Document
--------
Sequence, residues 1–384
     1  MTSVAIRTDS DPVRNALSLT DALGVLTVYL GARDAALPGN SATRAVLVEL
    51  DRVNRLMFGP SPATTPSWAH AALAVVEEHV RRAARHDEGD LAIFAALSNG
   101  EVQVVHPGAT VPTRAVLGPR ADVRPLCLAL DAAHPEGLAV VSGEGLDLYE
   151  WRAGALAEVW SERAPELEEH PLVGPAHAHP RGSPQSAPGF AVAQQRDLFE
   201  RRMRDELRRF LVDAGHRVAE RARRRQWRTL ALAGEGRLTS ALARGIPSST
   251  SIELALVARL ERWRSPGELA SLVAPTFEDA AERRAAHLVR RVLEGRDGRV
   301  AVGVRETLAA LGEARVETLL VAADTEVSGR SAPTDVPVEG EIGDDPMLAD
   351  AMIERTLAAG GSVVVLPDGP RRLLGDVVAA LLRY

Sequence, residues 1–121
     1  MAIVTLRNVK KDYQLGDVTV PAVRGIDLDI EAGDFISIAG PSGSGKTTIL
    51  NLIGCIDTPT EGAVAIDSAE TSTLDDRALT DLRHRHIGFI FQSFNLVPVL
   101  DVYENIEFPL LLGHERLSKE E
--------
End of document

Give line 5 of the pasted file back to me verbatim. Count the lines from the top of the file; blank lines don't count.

   151  WRAGALAEVW SERAPELEEH PLVGPAHAHP RGSPQSAPGF AVAQQRDLFE